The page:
US President Donald Trump is a troubled man right from the day he took the oath of office. However these days he must be feeling more heat on the allegations of sexual assault against Supreme Court nominee Brett Kavanaugh. So he will milk any victory to full effect. At present the trade war which he has intensified with China holds out hope for him. He could follow through with tariffs on every Chinese import and say that his unwavering approach deserves praise. Washington and Beijing are pitched in a stand-off that threatens to undo four decades of steadfast bilateral diplomacy. The two nations have been engaged in a mounting trade war, which has so far seen them launch fiery rounds of tit-for-tat sanctions on exports between the countries.
Tensions between Washington and Beijing continue to escalate, with Trump threatening to impose further tariffs of $267 billion on Chinese products. China hit back at the US, plying $50billion on US goods and threatening to impose another $60billion if tensions between the two nations do not subside. In 2017, China imported $130billion worth of US goods while the US brought in a total of $506 billion Chinese imports. China’s exports to the US accounted for 19 percent of all its overseas shipments last year.
Businesses have already expressed concerns over tariffs.
A day after Washington activated tariffs, China’s commerce minister Wang Shouwen said very clearly that it was impossible to hold trade talks with the United States while Washington is imposing tariffs that are like “holding a knife to someone’s throat”. China is right while saying that negotiations can be done only if the two sides treat each other equally and with respect. No doubt, the snowballing trade spat will harm both economies and even global growth, with Fitch Ratings cutting its growth estimates for China and the world for 2019.
With economic growth slowing and more countries reacting defensively to China’s trade and industrial policies, some in Beijing are questioning whether Xi’s policies might not end up undermining development objectives. Considering the challenges both leaders are facing, they’d be foolish not to give concessions a chance.Trump may not seek to draw much blood from Xi since he knows well that both the leaders are standing on a sticky wickets.If Beijing blinks, victory is easier to claim for Trump, but that’s unlikely to happen. An official has gone on record to say that “China will earnestly reduce taxes and burdens for companies and strive to optimise the business environment.”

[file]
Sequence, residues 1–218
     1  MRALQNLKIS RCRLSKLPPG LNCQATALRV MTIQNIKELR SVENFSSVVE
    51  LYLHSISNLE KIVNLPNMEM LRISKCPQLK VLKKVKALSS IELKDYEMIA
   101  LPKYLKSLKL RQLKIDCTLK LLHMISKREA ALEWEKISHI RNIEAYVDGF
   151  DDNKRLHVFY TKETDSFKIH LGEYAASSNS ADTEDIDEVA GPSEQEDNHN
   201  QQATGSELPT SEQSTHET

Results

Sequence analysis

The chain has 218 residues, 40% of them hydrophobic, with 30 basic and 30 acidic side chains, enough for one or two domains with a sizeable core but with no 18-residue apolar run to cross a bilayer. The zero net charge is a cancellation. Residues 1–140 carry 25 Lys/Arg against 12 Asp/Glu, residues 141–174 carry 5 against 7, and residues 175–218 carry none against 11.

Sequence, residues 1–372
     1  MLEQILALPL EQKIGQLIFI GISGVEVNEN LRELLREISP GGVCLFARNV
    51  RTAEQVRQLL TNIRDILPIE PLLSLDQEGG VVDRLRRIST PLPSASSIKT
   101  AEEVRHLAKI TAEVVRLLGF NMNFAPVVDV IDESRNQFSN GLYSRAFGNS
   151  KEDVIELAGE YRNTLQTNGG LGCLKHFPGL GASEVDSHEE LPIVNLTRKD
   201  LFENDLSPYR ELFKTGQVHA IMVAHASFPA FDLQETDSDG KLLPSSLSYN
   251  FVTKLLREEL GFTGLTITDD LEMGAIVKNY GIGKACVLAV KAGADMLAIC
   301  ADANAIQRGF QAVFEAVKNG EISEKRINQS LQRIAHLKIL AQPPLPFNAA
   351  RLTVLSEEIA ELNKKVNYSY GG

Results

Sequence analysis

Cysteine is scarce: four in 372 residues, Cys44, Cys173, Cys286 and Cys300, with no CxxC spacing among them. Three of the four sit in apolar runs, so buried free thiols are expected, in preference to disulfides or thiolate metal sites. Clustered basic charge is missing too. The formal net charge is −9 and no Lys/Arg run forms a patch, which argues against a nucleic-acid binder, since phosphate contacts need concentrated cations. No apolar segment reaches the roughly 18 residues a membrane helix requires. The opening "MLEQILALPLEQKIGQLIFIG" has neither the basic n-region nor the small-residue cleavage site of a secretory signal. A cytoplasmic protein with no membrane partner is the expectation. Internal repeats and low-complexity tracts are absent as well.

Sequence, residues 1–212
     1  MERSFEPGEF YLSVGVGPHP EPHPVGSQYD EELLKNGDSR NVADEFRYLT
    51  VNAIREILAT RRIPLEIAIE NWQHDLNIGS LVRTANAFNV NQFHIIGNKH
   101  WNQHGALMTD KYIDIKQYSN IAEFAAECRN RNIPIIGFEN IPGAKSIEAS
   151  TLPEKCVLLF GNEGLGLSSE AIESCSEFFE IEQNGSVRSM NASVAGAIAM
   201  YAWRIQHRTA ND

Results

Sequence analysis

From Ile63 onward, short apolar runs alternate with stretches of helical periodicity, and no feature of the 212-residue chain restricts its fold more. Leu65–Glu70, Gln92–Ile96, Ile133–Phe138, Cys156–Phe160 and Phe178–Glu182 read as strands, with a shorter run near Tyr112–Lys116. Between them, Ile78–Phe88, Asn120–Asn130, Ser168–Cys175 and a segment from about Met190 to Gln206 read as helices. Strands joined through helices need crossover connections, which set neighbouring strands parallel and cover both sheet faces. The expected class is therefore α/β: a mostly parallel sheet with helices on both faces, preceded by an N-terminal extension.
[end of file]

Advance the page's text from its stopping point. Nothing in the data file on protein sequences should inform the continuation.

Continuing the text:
US investor and economist Mark Mobious, a founding partner at Mobious Capital Partner, has warned that confrontation could go deeper, as talks between trade negotiators have failed to reach any clear outcome. He said that “(China is) going to be tough to begin with and they are not going to give in easily, because you’re talking about a $300million trade deficits in China’s favor. But I would say, maybe after six months they will come to some agreement and that will be done. But in the meantime, there will a lot of blood on the streets.”
As if it was not enough, tensions took a new high when US asserted its right to sail warships past disputed islands in the South China Sea. A guided-missile destroyer, USS Decatur sailed within 12 nautical miles (13.8 miles on land) of reefs near the Spratly Islands in the South China Sea.China has asserted ownership of the Spratly islands. US says that its Forces operate in the Indo-Pacific region on a daily basis, including the South China Sea and all operations are designed in accordance with international law and demonstrate that the United States will fly, sail and operate wherever international law allows. The official said these operations “challenge excessive maritime claims and demonstrate our commitment to uphold the rights, freedoms, and uses of the sea and airspace guaranteed to all nations under international law.” China has engaged in an ongoing dispute with the US over territorial control in the South China Sea. In 2015, the US began deploying military warships and aircraft to the region, in a bid to dismiss China’s territorial claims.
The latest news that has just come in is that Beijing has announced that it will lower tariffs on 1,585 products and the policy will take effect on November 1, and it will bring overall tariffs level down to 7.5% from 9.8% last year. The goods covered include textile products, metals, minerals, machinery and electrical equipment, most of which have been the target of US tariffs. Good news for Donald Trump as China is beginning to blink.
US President Donald Trump has also accused China, in his typical style, of meddling in elections with the intention of harming him personally because “They do not want me, or us, to win because I am the first President ever to challenge China on trade.” Surely, both sides have to take a step forward, together.